December 6th, 2013


How Do You Handle A Problem Like Maria?

Give Me A Break

What's up with all the hostility? Sure there's an iconic Julie Andrews movie of The Sound of Music. So?

In theatre, plays are restaged all the time. Sure, it's an ephemeral medium -- I mean you can't see the original production of Hamlet. But theatre is also about roles and intimacy. Lots of actors want to play a Hamlet or a Lear or a Juliet or a Lady Macbeth from "The Scottish Play" or any number of roles from plays written by anyone other than Shakespeare.

And that includes Maria, et al, from the Rogers & Hammerstein musical of The Sound of Music.

So what irks me about the I-Will-Never-See a non Julie Andrews version, we're not even talking about remaking the film. It's a play. And like the theatre, it's done in realtime, aka live. Which is pretty amazing for modern television.

NBC says there hasn't been a musical done live on television in fifty years. Don't know if they're including PBS or just the old fashioned three networks in the U.S. But there were some great ones -- Cinderella, Peter Pan, Amahl and the Night Visitors. Some made people's careers, including Julie Andrews, Mary Martin, Lesley Ann Warren. Some were broadcast for years after their live debut.

While theatre people might make fun of doing one live show, instead of a run of live theatre performances, live television offers its own problems. So it's a real thing.

And carping that a Carrie Underwood isn't a real actress, puh-lease. The other year we saw The Wizard of Oz Live in Concert with Jewel as Dorothy and it was terrific.

And anyway it's the musical and not the movie. The same as we saw the Calumet Players do in Calumet MI in the U.P. back in the late 80s. And they did a marvelous job. And it's theatre -- who the hell cares that a black woman is playing an Austrian mother superior?

Aren't You Being A Hypocrite?

In a word -- No.

Look, some remakes shouldn't exist because they're BAD. Miami Vice missed the mark completely, despite Michael Mann. And I resent the modern trend to do comedic movies of old TV series. 21 Jump Street, Dukes of Hazard.

But sometimes remakes are better -- The Italian Job -- or equally confusing -- Dune. Or completely different.

The Sound of Music LIVE
NBC Thursday 5 December 2013 8-11pm

We had a lovely time. Carrie Underwood had a beautiful voice, though her Midwestern flat accent contrasted with those trying to do European. The guy playing the captain acted better than he sang, but he wasn't bad. The children were terrific. The nuns, especially including that mother superior, were lovely voices. Max and the Frau Whatshername were younger than the movie, but fit the period just fine.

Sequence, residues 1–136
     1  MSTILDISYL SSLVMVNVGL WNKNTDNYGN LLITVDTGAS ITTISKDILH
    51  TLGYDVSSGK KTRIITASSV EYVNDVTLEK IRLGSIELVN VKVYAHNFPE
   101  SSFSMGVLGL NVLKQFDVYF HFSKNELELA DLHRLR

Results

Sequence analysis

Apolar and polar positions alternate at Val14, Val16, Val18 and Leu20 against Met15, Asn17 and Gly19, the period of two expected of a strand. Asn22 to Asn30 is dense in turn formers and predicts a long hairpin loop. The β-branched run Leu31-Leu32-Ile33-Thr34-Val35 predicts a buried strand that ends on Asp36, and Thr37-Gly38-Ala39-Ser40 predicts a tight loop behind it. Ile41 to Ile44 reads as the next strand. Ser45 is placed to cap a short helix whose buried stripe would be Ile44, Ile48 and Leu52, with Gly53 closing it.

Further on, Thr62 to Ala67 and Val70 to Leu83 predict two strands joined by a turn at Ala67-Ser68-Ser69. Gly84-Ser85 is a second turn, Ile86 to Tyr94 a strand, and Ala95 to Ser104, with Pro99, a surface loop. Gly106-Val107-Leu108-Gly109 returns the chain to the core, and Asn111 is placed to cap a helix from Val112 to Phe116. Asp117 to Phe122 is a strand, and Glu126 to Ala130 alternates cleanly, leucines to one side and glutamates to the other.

The sets were decent -- the woods were probably the weakest, but the main hall and the Abbey were excellent -- and I loved the costumes. Maria's wedding dress was very different than Julie Andrews' but fit the era. The stage seemed small for the Big Festival, feeling small time stagey, but it's theatre! You're supposed to fill in the blanks.

I would be curious to find out the lenses used, because it really had that early 60s feel in live camera angle and lack of zooming. I suspect the original TV lenses couldn't be used because of HDTV and higher fidelity. But it had that live look.

One real problem was a strong background hiss. I wonder when this comes out on streaming or Blu-Ray whether they'll make an effort to reprocessing the sound.

We've never gotten to one of the sing-a-long showings of The Sound of Music, but we were at home, watching television. We knew the songs and the words. We could sing along anyway.

Bottom line? This was a lovely version of The Sound of Music, and I'll be curious to see if NBC repeats the experiment with another beloved musical.

Well done, Carrie & cast. And boo to the whiners, who missed a good show.

Dr. Phil


A Facebook meme...
>>>>10 Books in no particular order that have stayed with you in some way. Books that still resonate, regardless of quality or author. Don't take more than few minutes and don't try to list the "right" or "great" works. No more than one book by any given author, and nothing too recent.<<<<<

I chose just SF works -- I could make a million lists -- and all of these I read repeatedly. The edict of no duplicates by author is tough. Clarke, Heinlein, Crichton, Verne -- all have bibliographies of Best Ten works. (grin) Still, I've done these before, so I'll play nice. Though I did move anthologies to a separate short list. (double-grin)

1. Dune / Frank Herbert

2. Star Surgeon / James White

3. Childhood's End / Arthur C. Clarke

4. Ender's Game / Orson Scott Card

5. Marooned / Martin Caidin

6. Gateway / Frederick Pohl

7. Janissaries / Jerry Pournelle

8. Andromeda Strain / Michael Crichton

9. Ringworld / Larry Niven

10. Grass / Shari Tepper


A. The Green Hills of Earth / Robert Heinlein

B. Where Do We Go From Here / ed. Isaac Asimov

C. Best Science Fiction of 1972 / ed. Terri Carr

Your turn?

Dr. Phil